Back door strategy to lower rates

Economics

NEXT THURSDAY the heads of government and the finance ministers of the Group of Seven - on paper, at least, the world's seven largest economies - meet for their annual economic summit in Halifax, Nova Scotia. It is fashionable to be snooty about these summits, and for good reason. They are, all too frequently, a stroking exercise for politicians: signing communiques agreed in substance by their officials weeks before (and this year already leaked in the press), taking "photo-opportunities", getting away from the unpleasantness of domestic politics.

And, of course, they are not much about economics, despite the title. Bosnia, hardly an economic issue, will loom large in the debate.

It may be fashionable to be snooty, but wrong. These meetings are useful, none the less, and not just to the politicians who go to them. They are useful to the rest of us, because they can help us crystallise in our minds the key issues in the world economy: what really matters at this stage of the economic cycle, and what actions might be taken by the policy makers in the coming months.

And so it is with Halifax. There are a number of things which the heads of state can talk about which do have a genuine economic element to them. These include detail matters such as the future of the International Monetary Fund and the World Bank, both of which will need to be reformed during the next few years and whose future can really only be decided by the main developed countries, who, after all, pay for them.

There is a more immediate issue in the US/Japan trade war, which will continue at a fair level of ill-temper through the summer, and which in a way needs to continue because the scale of the Japan/US trade imbalance is fundamentally unhealthy for both sides. But there is - as in all trade disputes - a danger of ill-temper transforming into something worse, and the summit is useful in checking that tendency.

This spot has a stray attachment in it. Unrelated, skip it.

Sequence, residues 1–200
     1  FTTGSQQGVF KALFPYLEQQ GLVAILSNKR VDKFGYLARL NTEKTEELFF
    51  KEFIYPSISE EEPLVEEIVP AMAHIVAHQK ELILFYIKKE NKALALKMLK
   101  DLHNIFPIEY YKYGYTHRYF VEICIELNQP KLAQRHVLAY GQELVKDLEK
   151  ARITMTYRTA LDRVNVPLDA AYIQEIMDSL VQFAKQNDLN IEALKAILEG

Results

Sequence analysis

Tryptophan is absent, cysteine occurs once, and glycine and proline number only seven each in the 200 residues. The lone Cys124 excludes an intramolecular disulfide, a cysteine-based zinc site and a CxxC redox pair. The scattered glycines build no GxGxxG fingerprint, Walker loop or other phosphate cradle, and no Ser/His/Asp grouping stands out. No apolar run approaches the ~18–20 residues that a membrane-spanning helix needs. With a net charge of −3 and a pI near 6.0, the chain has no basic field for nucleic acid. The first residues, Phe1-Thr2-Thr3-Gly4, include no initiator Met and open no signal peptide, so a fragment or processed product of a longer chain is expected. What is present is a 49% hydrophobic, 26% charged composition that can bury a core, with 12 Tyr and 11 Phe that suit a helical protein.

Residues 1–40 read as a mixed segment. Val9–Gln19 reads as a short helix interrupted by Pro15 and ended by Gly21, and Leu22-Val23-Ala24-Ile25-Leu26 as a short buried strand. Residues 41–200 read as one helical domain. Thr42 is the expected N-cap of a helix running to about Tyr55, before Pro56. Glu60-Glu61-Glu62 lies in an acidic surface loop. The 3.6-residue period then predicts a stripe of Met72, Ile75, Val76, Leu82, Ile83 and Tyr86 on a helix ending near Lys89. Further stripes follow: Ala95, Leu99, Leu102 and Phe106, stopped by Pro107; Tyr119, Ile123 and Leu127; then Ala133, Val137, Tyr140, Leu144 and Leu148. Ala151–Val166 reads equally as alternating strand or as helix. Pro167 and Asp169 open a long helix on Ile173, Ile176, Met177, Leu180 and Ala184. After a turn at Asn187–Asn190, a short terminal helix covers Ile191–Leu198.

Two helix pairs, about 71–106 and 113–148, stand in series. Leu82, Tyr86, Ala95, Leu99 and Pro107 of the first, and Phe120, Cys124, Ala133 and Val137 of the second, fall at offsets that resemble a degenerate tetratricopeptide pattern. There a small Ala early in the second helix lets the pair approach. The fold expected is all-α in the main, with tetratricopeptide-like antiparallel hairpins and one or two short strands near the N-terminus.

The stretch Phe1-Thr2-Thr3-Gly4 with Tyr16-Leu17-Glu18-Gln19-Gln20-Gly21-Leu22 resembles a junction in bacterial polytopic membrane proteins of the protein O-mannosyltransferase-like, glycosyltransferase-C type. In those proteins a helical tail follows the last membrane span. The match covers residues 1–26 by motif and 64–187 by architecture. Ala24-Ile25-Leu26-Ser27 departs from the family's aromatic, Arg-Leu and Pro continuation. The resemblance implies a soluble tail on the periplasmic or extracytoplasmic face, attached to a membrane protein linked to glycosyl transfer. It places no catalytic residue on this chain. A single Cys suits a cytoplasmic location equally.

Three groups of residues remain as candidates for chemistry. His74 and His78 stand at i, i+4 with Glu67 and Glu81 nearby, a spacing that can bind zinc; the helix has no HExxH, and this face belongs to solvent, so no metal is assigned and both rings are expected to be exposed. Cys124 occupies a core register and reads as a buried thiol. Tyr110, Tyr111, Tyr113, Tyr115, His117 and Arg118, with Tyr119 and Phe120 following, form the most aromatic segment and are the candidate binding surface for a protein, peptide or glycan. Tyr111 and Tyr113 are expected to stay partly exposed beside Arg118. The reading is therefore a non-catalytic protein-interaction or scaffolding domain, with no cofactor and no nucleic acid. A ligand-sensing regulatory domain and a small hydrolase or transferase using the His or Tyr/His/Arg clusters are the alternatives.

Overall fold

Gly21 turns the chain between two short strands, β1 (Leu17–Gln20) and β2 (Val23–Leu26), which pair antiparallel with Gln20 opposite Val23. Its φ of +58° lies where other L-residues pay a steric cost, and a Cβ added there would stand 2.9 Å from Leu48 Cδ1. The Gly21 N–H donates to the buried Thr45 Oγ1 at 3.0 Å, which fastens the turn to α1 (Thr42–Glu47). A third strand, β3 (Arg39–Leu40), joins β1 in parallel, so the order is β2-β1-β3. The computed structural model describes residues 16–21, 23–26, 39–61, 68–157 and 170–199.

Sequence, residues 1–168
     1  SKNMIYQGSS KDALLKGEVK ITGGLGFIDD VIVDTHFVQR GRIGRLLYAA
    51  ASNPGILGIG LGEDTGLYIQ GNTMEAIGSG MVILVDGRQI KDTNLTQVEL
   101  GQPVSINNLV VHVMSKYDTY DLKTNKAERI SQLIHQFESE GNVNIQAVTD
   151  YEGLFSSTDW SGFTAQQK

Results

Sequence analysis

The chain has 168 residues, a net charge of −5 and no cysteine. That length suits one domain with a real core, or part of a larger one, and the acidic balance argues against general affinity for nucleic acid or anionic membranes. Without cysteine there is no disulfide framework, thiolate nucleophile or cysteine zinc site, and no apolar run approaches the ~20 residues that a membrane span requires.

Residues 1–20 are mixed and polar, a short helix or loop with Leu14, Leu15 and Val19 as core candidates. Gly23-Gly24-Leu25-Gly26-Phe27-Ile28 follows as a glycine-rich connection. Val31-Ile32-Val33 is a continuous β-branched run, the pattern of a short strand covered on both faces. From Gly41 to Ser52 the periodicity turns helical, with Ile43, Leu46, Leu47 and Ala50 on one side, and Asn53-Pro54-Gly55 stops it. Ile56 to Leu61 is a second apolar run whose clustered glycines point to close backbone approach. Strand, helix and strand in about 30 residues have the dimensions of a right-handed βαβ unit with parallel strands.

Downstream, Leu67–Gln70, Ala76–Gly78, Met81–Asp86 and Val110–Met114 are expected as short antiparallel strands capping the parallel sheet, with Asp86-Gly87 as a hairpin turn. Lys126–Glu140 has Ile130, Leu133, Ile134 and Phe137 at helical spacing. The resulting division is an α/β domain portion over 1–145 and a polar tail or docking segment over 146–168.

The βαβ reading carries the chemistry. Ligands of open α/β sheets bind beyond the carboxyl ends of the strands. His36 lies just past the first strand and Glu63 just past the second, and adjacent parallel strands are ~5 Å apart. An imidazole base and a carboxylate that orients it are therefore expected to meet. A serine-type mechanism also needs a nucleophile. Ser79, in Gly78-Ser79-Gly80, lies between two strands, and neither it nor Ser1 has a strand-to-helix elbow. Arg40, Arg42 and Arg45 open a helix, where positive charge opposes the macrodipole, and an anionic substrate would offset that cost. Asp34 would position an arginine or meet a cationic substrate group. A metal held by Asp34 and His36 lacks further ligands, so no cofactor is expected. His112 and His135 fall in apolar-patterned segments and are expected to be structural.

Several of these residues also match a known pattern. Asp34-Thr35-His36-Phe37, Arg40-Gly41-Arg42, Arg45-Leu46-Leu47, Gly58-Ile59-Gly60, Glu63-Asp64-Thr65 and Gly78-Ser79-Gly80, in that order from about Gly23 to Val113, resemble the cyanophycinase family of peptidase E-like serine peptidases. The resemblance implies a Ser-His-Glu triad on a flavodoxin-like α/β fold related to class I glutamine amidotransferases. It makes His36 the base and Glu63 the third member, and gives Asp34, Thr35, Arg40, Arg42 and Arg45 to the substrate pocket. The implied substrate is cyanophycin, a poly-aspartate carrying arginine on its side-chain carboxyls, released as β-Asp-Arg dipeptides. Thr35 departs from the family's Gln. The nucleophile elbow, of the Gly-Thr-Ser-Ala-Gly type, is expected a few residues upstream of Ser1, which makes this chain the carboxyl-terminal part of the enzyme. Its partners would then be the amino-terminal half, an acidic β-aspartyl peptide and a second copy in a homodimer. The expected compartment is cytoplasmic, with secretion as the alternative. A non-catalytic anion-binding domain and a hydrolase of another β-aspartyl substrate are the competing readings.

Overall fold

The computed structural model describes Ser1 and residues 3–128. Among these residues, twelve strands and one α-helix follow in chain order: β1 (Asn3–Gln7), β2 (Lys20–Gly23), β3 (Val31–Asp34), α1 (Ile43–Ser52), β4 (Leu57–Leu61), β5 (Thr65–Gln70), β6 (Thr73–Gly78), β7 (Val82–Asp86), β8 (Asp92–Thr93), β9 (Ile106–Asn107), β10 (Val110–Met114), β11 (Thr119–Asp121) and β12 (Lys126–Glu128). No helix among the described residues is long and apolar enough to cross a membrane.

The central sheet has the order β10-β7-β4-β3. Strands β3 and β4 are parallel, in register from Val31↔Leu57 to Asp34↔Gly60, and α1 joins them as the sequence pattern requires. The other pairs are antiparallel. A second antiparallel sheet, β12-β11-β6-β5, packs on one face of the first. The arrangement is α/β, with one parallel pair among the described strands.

Both are worth looking at. What appetite is there for reform of our international organisations? Are the financial markets right in taking a relatively benign view of the threat to international trade.

But beyond these, and of course, noble sentiments about Bosnia, what? There is one important issue which ought to be discussed at the summit, for it may require international financial diplomacy at a high level. The question can be put in general terms: what should be done, if anything, if economic growth falters later this year? Or it can be put in specific ones: do we need a co-ordinated world cut in interest rates very soon?

To explain. Have a look at the chart. This is constructed by BZW, the stockbrokers, from various national confidence indicators and shows the proportion of companies which expect conditions to improve or deteriorate in the coming months. Business confidence within the Group of Five (the summit nations minus Canada and Italy) has self-evidently slumped in the last few months. True, the business community may be no better at forecasting the world economy than the finance ministries or City economic pundits, but it deserves attention because real business people are reacting to real demand for their products. This is not a political response by voters in one country moaning about the lack of a "feelgood factor"; it is the real thing.

You can see what has happened. The mood of world business is not only more sombre now than at any period since the long recession of the early 1990s; optimism has also evaporated more rapidly than it did during the pause in growth in the middle 1980s. This is important, because the big issue facing the world economy at the moment is whether we are seeing simply a pause in the recovery or whether it is in trouble.

We see some signs of trouble here in Britain in the tailing-off of growth in industrial production and the plateau in retail sales. But from a world point of view, we are not very important. Seen globally, the problem is that the largest economy, that of the US, is clearly slowing, while the second largest, Japan's, has hardly begun to grow again.